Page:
Officials hope the results will help investigators searching for the source of infection, which is most likely contaminated feed the cow ate in Alberta, where the Holstein cow was born in 1997.
To trace the cow’s origins, DNA tests were performed on the cow, on one of its offspring and on the semen from the cow’s sire. Results from those tests and records that show the cow came from a dairy farm in Alberta make the USDA “confident in the accuracy of this traceback,” said Dr. Ron DeHaven, the Agriculture Department’s chief veterinarian.
Brian Evans, a Canadian agriculture official, said results from independent testing at a Canadian lab agreed with the U.S. findings.
Canadian officials had announced last May that a cow in Alberta had been diagnosed with bovine spongiform encephalopathy (BSE) or mad cow disease. Contaminated feed is the most likely way that both cows contracted the disease, but officials said they have not found a common feed source for the two farms.
“We have not at this point got sufficient evidence to make any definitive feed link between the two farms,” Evans said. “They did not buy from a common feed mill. They did not have similar type rations on their farms.”
Evans held out hope of finding the cause of the two cases of the disease and said that the investigation will mean officials will “have to go deeper … back into where materials could have been derived.”
The Canadian Cattlemen’s Association said that while the DNA test results were “disappointing,” Canada was still “a country at minimal risk for BSE according to international guidelines.”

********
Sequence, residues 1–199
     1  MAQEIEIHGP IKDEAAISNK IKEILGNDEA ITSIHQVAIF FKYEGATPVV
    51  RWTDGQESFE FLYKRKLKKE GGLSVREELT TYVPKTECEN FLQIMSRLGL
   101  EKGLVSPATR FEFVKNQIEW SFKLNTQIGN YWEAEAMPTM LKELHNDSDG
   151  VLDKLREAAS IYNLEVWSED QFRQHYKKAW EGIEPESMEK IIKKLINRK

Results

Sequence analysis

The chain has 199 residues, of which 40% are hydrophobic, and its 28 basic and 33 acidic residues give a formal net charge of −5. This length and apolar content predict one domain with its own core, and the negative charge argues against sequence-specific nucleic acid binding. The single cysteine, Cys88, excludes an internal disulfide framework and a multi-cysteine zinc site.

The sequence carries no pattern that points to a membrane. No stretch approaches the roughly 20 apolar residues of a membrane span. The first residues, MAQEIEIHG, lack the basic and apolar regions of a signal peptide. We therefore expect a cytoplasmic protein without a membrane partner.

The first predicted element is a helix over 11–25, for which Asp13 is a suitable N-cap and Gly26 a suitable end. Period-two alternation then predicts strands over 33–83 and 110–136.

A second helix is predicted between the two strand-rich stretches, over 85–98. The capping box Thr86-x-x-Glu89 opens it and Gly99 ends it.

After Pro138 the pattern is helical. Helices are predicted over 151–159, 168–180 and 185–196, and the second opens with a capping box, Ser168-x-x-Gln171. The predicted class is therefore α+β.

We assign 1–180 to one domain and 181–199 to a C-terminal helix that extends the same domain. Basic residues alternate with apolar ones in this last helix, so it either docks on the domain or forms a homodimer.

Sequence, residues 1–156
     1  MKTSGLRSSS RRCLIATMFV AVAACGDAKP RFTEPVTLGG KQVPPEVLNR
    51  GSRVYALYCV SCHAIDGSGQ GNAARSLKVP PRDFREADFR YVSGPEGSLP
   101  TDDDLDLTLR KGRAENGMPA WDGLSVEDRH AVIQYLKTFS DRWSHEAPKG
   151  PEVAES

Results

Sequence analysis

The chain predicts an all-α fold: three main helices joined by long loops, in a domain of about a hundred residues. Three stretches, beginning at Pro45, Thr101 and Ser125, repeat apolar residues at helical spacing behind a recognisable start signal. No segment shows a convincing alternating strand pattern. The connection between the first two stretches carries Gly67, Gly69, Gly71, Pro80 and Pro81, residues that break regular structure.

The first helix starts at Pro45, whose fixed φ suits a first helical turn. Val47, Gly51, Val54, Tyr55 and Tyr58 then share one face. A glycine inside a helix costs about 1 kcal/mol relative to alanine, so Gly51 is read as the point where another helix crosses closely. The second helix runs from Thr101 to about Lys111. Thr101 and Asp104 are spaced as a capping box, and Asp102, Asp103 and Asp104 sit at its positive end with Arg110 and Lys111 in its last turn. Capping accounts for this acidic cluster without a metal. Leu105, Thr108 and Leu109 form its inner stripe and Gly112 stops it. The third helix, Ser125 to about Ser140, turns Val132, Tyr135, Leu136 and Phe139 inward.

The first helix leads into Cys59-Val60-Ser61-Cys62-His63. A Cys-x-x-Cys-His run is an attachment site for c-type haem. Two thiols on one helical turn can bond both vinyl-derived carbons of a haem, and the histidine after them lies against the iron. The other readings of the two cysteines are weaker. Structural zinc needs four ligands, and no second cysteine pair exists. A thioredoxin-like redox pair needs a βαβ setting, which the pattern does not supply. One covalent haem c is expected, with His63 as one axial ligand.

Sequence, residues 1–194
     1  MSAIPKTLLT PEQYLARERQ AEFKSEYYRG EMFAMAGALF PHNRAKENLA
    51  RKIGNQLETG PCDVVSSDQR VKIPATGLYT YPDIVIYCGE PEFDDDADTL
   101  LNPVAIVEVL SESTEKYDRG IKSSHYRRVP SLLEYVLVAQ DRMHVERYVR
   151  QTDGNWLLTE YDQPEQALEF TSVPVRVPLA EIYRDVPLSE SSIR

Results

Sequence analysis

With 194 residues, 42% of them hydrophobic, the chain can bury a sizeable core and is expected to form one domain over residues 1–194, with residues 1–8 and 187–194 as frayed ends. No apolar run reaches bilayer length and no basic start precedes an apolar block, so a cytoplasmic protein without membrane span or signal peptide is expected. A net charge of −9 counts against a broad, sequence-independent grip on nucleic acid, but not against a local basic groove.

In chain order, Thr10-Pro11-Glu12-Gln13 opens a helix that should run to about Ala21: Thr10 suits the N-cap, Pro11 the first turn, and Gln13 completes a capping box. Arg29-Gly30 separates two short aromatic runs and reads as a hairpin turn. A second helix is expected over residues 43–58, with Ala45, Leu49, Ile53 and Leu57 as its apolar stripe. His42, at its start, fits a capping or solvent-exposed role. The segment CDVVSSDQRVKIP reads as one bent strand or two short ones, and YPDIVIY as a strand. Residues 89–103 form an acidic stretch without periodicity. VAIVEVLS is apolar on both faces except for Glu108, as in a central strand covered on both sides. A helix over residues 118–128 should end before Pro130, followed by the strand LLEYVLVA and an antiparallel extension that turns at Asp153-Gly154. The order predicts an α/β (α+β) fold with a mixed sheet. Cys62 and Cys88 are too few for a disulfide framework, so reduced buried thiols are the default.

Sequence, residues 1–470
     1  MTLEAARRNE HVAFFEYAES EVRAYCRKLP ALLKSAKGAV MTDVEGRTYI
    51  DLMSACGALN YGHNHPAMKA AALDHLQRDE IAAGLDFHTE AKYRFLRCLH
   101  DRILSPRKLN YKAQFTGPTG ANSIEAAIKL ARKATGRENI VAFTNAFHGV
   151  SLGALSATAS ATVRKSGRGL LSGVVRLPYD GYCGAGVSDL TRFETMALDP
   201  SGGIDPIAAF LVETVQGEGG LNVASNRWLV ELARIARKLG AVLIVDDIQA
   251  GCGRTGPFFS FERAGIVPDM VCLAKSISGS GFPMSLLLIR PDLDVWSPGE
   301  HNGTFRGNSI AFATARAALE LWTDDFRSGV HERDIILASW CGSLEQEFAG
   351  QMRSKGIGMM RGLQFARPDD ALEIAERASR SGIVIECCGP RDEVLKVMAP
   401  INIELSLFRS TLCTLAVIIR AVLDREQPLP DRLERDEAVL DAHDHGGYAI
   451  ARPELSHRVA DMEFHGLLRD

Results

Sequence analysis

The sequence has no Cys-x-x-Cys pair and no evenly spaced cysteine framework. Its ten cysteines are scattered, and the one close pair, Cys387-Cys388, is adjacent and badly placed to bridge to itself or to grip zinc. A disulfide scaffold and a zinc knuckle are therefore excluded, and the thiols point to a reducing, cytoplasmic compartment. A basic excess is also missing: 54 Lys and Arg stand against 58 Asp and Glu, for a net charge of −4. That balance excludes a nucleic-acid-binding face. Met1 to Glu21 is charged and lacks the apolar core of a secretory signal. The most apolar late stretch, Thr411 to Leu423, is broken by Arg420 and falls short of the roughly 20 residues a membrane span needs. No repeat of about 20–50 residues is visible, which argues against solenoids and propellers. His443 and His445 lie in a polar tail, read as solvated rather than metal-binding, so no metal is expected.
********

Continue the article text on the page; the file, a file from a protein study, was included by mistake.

The group also said that an investigation into the first Canadian case of mad cow disease “indicated it would not be unexpected to diagnose a few additional animals with BSE” but that “all the proper precautions are in place to ensure the safety of our food supply.”
In a continuing effort to contain any potential spread of the disease in the United States, the USDA decided Monday to kill a herd of 450 calves because it included one of the infected cow’s offspring.
Officials decided to kill all the calves in the Sunnyside, Wash., herd because the calf born to the sick cow was not tagged and cannot be identified.
“This should just continue to instill additional confidence among consumers,” Mary Beth Lang, spokeswoman for the state Department of Agriculture, told the Associated Press. “The likelihood of any transmission to this calf is very remote … This is an abundance of caution.”
That herd is one of three under quarantine in Washington because of ties to the infected animal. The other herds include cows that may have come from the same Alberta farm. In total, 80 other cows from the infected cow’s heard also came into the United States.
U.S. and Canadian investigators are trying to locate the other animals from the Canadian herd that originally included the infected cow and trace the feed eaten by the sick cow to determine if it contained tissue that carried the disease.
Mad cow disease attacks an animal’s nervous system, eventually eating holes in its brain. It sprang up in Britain in 1986 and spread through countries in Europe and Asia, prompting destruction of whole herds and decimating the European beef industry.
Variant Creutzfeldt-Jakob disease has been linked to over 100 human deaths and is believed to be caused by eating neural tissue, such as brain and spinal cord, from cattle infected with mad cow disease.